• Super-Capacitors, High-Speed Computing, and the Genomics of the Coronavirus

    May 17, 2020

    In 2017, an interstellar object visited our solar system. Now an MIT researcher wants TTIV member firm NASA to create a “dynamic orbital slingshot for rendezvous with interstellar objects” i.e., to send tiny satellites equipped with solar sails out to look for them before they arrive (Erika DeBenedictis, Vienna, Jul 2013). Once spotted, the sail would power up, the satellite would chase the interstellar object, and hopefully tag it with a CubeSat (Jordi Puig-Suari, Boston, Apr 2017).

    On the other hand, outer space recently reminded us it isn’t a friendly companion by hurtling a 20-ton piece of debris at us, passing over Los Angeles and New York City before missing Africa and safely slamming into the Atlantic Ocean.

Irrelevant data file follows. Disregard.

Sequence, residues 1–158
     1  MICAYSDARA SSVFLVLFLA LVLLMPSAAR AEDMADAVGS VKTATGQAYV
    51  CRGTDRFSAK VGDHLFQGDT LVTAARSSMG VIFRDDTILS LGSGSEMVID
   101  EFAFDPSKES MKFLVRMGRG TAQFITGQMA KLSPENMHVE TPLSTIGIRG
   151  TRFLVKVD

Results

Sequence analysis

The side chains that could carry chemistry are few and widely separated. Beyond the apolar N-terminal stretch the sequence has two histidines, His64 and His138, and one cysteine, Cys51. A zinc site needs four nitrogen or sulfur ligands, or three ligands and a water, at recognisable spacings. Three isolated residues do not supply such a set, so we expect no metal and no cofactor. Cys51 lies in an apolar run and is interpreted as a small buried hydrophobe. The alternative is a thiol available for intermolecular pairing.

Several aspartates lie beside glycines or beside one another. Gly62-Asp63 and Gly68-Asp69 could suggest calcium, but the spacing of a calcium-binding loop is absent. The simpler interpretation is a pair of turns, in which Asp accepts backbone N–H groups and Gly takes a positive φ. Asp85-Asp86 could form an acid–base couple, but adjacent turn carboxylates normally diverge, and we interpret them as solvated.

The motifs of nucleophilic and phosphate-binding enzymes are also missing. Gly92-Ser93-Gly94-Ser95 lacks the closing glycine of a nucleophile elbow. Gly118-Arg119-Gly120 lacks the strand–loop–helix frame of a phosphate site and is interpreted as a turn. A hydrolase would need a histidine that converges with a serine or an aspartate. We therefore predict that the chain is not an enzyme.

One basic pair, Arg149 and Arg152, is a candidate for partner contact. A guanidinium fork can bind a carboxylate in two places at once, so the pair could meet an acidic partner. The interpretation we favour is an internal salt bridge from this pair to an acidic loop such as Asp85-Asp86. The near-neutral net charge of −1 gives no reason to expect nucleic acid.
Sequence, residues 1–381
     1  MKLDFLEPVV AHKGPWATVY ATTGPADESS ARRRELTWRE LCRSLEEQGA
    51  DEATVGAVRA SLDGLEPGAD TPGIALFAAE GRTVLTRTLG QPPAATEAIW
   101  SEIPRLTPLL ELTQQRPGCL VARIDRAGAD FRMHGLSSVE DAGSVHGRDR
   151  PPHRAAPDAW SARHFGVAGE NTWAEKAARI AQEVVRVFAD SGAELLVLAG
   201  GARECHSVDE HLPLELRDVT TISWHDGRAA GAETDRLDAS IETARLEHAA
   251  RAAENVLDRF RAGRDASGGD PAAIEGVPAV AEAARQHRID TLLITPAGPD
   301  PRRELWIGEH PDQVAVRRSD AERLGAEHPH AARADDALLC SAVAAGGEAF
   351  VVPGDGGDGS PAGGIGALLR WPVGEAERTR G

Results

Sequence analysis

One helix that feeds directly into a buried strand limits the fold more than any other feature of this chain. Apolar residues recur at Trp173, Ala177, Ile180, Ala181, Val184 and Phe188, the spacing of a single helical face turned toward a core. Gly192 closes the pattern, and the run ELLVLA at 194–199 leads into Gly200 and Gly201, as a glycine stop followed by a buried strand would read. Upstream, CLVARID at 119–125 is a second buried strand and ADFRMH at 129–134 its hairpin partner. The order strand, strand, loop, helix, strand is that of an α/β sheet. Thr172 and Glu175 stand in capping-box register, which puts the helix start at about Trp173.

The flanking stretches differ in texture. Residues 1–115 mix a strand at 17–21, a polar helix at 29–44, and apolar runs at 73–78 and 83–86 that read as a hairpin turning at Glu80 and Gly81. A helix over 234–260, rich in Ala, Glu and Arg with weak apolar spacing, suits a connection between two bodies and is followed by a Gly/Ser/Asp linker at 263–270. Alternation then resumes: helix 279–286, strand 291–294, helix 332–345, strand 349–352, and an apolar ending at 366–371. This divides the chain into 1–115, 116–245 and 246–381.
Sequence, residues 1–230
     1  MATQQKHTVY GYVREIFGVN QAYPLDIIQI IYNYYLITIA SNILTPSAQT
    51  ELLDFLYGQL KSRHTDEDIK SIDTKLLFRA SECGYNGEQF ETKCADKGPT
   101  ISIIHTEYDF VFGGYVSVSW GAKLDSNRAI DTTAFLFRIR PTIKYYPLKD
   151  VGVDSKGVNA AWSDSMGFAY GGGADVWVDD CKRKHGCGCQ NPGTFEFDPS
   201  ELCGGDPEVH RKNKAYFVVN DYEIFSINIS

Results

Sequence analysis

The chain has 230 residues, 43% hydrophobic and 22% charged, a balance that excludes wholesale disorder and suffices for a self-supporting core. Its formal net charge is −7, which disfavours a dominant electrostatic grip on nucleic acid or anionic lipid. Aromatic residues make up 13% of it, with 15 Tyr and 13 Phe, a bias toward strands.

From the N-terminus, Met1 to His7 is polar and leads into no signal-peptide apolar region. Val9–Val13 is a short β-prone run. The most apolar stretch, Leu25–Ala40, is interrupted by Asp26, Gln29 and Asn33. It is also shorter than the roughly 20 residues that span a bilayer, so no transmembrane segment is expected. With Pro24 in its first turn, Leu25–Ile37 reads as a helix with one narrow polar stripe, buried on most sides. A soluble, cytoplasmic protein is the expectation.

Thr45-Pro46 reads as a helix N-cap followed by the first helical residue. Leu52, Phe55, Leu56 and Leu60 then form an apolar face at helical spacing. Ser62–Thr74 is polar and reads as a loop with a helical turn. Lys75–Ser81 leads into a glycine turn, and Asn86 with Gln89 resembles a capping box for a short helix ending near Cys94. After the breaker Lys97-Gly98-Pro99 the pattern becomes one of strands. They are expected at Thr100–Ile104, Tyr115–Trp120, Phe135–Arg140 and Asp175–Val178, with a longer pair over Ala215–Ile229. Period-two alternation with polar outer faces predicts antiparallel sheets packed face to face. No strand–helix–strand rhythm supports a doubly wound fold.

• Supply Chains, Germ Warfare, and Robotic Hands

    May 08, 2020

    Videos, presentation slides and a textual summary from our Tuesday webinar, “Logistics and Supply Chains: Four Timely Start-ups,” will be in the archive shortly.

    Speaking of (virtual) events, calling all TTI/Vanguard members: Being in our own personal spaces is no excuse not to venture afield on a virtual TTI/Vanguard field trip at 1 pm EDT, Tuesday, May 26. This outing will be to the Long Now Foundation's home, The Interval, where Alexander Rose will share the organization's perspective on time, persistence, and responsibility, and provide both a video tour of the full-scale Clock of the Long Now, which is under construction in a mountain in western Texas, and an actual tour of an eight-foot prototype (Stewart Brand, Pasadena, Feb 2002). Register here: